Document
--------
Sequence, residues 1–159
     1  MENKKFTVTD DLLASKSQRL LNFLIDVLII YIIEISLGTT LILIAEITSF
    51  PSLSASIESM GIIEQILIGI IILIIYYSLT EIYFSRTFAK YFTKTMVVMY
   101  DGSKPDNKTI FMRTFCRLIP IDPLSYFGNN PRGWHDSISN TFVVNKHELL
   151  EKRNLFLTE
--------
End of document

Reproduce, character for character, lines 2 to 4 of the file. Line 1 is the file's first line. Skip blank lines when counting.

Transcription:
     1  MENKKFTVTD DLLASKSQRL LNFLIDVLII YIIEISLGTT LILIAEITSF
    51  PSLSASIESM GIIEQILIGI IILIIYYSLT EIYFSRTFAK YFTKTMVVMY
   101  DGSKPDNKTI FMRTFCRLIP IDPLSYFGNN PRGWHDSISN TFVVNKHELL